|This article appeared in the August 2001
issue of the "West Virginia Farm Bureau News, WVU Update."
WVU Extension Service
Do you want.to extend the grazing season this year? Here are a few management tips to
help you do so.
- Select a pasture or hay field and graze or hay it off by late July or mid-August.
- Apply 50 to 60 pounds of nitrogen per acre using ammonia nitrate, ammonia sulfate, or
urea. If a recent soil test indicates that soil phosphorus is low, using diammonia
phosphate DAP) at 100 to 200 pounds per acre will provide 18 to 36 pounds of nitrogen and
46 to 92 pounds of phosphate.
- Keep livestock out of the field until late October to early December, depending largely
on when other pasture is grazed off and when your animals need the feed.
- If the field has predominantly orchardgrass or bluegrass, start grazing in October or
November so that it will be eaten off before early December. These grasses are killed by
freezing weather, and they brown down to where cattle will not eat them well past early
December. Smooth bromegrass and reeds canarygrass are even more sensitive than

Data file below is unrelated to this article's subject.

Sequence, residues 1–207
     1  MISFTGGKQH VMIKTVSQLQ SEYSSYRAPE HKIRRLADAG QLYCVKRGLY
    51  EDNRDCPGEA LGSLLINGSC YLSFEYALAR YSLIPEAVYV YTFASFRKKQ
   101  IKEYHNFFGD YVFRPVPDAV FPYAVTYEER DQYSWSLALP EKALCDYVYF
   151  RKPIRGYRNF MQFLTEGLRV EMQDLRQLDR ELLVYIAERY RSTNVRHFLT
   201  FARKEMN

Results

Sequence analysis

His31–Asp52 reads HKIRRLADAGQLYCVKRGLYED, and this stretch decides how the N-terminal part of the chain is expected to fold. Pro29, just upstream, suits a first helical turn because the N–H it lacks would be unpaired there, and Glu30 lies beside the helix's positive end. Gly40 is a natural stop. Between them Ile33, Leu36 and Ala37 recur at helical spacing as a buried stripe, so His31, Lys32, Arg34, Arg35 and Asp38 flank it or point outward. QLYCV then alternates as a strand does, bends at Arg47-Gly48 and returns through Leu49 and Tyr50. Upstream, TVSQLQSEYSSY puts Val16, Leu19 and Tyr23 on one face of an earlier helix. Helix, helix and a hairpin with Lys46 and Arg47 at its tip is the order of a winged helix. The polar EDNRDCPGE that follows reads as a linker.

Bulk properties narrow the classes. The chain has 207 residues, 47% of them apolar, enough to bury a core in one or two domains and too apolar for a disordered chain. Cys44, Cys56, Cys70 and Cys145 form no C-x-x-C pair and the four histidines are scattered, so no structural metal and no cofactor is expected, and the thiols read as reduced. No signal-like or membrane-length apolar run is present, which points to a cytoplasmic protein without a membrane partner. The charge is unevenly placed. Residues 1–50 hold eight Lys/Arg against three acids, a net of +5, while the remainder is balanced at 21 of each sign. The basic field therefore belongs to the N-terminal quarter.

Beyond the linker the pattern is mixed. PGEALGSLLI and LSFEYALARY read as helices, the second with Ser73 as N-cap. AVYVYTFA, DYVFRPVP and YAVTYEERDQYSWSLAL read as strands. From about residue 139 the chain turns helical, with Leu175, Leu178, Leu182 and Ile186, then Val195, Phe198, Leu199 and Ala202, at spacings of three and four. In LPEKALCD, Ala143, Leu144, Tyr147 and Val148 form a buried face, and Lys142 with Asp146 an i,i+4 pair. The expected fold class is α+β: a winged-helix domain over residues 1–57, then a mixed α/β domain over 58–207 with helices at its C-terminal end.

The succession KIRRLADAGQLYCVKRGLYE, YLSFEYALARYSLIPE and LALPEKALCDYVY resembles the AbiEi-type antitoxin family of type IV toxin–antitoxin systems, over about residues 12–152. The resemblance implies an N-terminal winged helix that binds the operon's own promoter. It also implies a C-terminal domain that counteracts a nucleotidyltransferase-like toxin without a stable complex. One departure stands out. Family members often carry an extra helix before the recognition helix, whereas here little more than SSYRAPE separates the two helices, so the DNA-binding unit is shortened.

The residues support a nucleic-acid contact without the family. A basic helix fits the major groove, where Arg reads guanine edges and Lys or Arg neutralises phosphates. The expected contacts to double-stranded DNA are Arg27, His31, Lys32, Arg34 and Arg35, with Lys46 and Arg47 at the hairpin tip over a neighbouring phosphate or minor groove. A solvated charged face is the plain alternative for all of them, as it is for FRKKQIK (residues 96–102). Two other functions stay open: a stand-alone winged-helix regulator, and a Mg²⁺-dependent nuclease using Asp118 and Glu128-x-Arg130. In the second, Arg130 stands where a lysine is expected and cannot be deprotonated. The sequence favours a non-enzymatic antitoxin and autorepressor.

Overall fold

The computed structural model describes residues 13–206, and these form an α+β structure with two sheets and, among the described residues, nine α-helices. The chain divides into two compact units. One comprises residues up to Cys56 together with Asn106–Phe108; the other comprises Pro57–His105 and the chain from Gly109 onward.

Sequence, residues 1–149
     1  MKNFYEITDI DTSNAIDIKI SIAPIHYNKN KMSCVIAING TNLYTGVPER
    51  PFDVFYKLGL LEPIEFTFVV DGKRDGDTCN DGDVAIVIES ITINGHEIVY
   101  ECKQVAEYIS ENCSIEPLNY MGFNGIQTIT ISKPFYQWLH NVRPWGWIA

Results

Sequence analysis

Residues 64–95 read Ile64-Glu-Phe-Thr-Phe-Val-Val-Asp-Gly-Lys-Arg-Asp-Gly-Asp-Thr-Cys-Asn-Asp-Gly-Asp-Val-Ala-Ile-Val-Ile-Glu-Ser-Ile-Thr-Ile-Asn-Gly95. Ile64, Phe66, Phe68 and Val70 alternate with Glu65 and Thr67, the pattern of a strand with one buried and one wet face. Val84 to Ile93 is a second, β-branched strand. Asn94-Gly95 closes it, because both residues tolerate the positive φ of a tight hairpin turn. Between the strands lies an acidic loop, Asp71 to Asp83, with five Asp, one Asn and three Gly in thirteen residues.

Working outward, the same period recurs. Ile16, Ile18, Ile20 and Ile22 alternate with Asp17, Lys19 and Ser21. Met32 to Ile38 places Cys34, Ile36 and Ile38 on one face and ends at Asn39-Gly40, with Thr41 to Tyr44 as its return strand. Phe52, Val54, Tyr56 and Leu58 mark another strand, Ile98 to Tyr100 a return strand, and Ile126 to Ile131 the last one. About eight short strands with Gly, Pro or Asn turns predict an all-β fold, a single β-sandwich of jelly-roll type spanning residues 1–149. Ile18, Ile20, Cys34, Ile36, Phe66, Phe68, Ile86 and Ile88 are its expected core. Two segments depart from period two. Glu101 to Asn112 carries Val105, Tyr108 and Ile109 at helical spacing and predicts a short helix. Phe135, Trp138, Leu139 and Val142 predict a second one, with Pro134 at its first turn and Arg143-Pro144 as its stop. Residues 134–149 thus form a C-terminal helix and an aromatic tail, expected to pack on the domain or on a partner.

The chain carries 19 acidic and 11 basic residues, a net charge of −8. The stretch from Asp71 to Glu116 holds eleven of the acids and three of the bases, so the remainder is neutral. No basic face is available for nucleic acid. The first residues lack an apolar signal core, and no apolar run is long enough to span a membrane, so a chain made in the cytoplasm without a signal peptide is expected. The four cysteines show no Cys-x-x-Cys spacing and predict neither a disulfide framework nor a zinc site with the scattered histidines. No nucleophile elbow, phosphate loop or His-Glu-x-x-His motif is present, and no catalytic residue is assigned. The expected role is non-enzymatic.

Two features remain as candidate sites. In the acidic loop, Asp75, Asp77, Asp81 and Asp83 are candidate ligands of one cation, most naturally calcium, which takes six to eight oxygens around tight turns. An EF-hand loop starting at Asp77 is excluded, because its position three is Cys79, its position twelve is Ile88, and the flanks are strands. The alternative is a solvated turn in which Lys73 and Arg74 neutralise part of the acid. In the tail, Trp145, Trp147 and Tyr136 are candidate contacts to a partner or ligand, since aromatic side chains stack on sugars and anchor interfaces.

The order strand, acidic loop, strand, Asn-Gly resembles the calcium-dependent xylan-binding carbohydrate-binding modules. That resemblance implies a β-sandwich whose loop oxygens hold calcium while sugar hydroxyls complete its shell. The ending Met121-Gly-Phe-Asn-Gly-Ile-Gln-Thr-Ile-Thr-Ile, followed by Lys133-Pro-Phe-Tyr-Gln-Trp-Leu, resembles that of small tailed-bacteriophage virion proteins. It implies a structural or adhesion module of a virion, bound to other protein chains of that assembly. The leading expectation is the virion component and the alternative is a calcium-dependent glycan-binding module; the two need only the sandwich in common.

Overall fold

orchardgrass to freezing and should be grazed off earlier.
- Tall fescue can be grazed from December through March, depending on when your animals
need it. Strip grazing will allow you to get the most grazing days from an area of
stockpiled grass. Give the animals only enough area to feed them for three to six days. If
stockpiled tall fescue has been fertilized with nitrogen, its crude protein content will
be adequate for beef cattle in December and January. If no nitrogen fertilizer is used or
if there is a lot of rainy weather in December and January, the animals may need a protein
supplement when grazing fescue in February and March. Forage testing and knowing your
animal's feed requirement will tell if and how much supplemental protein is needed.
More detailed information on stockpiling tall fescue for winter grazing can be found in
the WVU Extension service fact sheet "Tall Fescue Management" available from
your county Extension agent or on the Web ( http://www.caf.wvu.edu/~forage/tallfesc.htm